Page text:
“What's the density, what’s the spending power of the people who live there, what’s their profile? Do they think they’re going to have enough customers to come through the door to make a profit,” Hammelman said. “And today, those calculations for the West Boulevard corridor do not make it an attractive place for grocery stores to locate, and that’s has been the case for several decades.”

Colleen Hammelman served on the Charlotte Mecklenburg Food Policy Council board.
UNC Charlotte
Colleen Hammelman served on the Charlotte Mecklenburg Food Policy Council board for more than three years.

Hammelman said that not having access to healthy food can hurt a person's ability to climb the socioeconomic ladder.

 “If you’re trying to get a better job, if you are trying to get an education, if you're trying to get all these things that we’ve been looking at that are pathways towards upwards social economic mobility, but you don’t know where your next meal is going to come from, or you haven’t had meals that day, you are much less equipped to be able to achieve those goals,” Hammelman said.

Local historian Michael Moore recalled when West Boulevard had a full-service grocery store. In the 1960s, Moore said, large homebuilders created subdivisions such as Clanton Park and Ponderosa. Moore said these subdivisions were segregated, and only white families were allowed to buy homes in these areas.

“As the area grew, it became more dense, and the percentage of white residents grew. The young Harris Teeter supermarket moved onto West Boulevard and opened a business on West Boulevard in 1961,” Moore said. “So, now you have a larger, denser community that can support a market, and Harris Teeter recognizes that, and they come to town.”

That changed starting in about 1970.

 “Several large apartment complexes were erected, including the two large new public housing authority properties, Dalton Village and Boulevard Homes, and most of the white families who bought into these neighborhoods, they sold out and moved away,” Moore said. “Even though hundreds of middle-class Black families then moved into neighborhoods like Clanton Park and Ponderosa, Harris Teeter chose not to renew its lease and moved out of the neighborhood in 1976.”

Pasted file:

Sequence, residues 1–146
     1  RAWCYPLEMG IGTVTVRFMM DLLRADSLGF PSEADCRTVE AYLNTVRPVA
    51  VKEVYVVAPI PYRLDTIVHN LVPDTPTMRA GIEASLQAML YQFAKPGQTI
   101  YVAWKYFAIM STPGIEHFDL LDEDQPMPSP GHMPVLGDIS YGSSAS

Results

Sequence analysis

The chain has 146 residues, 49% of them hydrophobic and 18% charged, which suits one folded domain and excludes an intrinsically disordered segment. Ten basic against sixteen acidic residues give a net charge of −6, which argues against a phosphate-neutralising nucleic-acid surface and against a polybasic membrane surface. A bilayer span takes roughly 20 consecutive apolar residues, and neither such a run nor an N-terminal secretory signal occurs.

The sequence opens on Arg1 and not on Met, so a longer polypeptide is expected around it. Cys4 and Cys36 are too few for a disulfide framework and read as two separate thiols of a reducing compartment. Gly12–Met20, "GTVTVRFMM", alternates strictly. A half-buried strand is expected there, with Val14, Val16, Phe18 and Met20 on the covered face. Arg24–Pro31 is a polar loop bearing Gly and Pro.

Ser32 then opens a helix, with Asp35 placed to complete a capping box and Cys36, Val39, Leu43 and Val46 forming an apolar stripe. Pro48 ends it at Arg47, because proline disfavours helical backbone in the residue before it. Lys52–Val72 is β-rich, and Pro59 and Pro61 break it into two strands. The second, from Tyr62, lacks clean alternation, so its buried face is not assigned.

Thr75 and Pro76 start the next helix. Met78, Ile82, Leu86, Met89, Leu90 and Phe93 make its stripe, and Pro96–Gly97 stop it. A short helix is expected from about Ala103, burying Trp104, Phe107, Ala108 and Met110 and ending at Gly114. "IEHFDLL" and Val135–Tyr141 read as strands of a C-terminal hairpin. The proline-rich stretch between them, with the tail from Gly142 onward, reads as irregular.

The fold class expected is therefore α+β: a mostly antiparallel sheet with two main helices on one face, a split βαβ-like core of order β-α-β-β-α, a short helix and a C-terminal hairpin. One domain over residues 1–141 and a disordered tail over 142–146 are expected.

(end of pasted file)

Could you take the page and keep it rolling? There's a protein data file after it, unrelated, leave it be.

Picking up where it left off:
Wayne’s Super Market would take Harris Teeter's spot in the corridor. Moore said Wayne’s Super Market offered less selection than bigger chain stores and sold produce and meat that residents considered lower quality. Wayne’s Super Market closed in the corridor at the end of the 1990s.

A “Coming Soon” sign of the expected co-op grocery store is planted off Clanton Road and West Boulevard.
Elvis Menayese
A “Coming Soon” sign of the expected co-op grocery store is planted off Clanton Road and West Boulevard.

Today, there’s a “Coming Soon” sign for a co-op grocery store off Clanton Road and West Boulevard.

Rickey Hall, board chair of the West Boulevard Neighborhood Coalition, said the coalition plans to bring a co-op grocery store into the corridor for several reasons.

“It’s to provide fresh, healthy food and vegetables and grocery amenities; two, to provide good-paying jobs,” Hall said. “Three, it’s to use it as a springboard for greater community involvement and investments — it’s going to be more than a grocery store.”

 Rickey Hall stands near the coalitions community garden off West Boulevard and Clanton Road.
Elvis Menayese
Rickey Hall stands near a community garden off West Boulevard and Clanton Road.

Hall said residents will be able to buy into ownership of the store for a small fee and play a role in changing their community’s trajectory. The city, county and federal governments have contributed about $5 million to support the market’s total cost of $10 million.

“The market is an example of a community-driven solution to create economic mobility and address some of those maladies that are identified by the Chetty study,” Hall said.

Hall said the arrival of the co-op will highlight how residents are able to solve community issues.

“If you’ve got a problem, you’re not looking for others to solve that problem. You put your hands on the wheels or the plow, and you start working to start addressing it from the inside rather than the outside,” Hall said. “And that’s what we’ve done, and this is going to create a source of immense pride for residents in the West Boulevard corridor and our target market area.”

The coalition plans to break ground on the co-op in 2024.

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Elvis Menayese is a Report for America corps member covering issues involving race and equity for WFAE. He previously was a member of the Queens University News Service. Major support for WFAE's Race & Equity Team comes from Novant Health and Wells Fargo.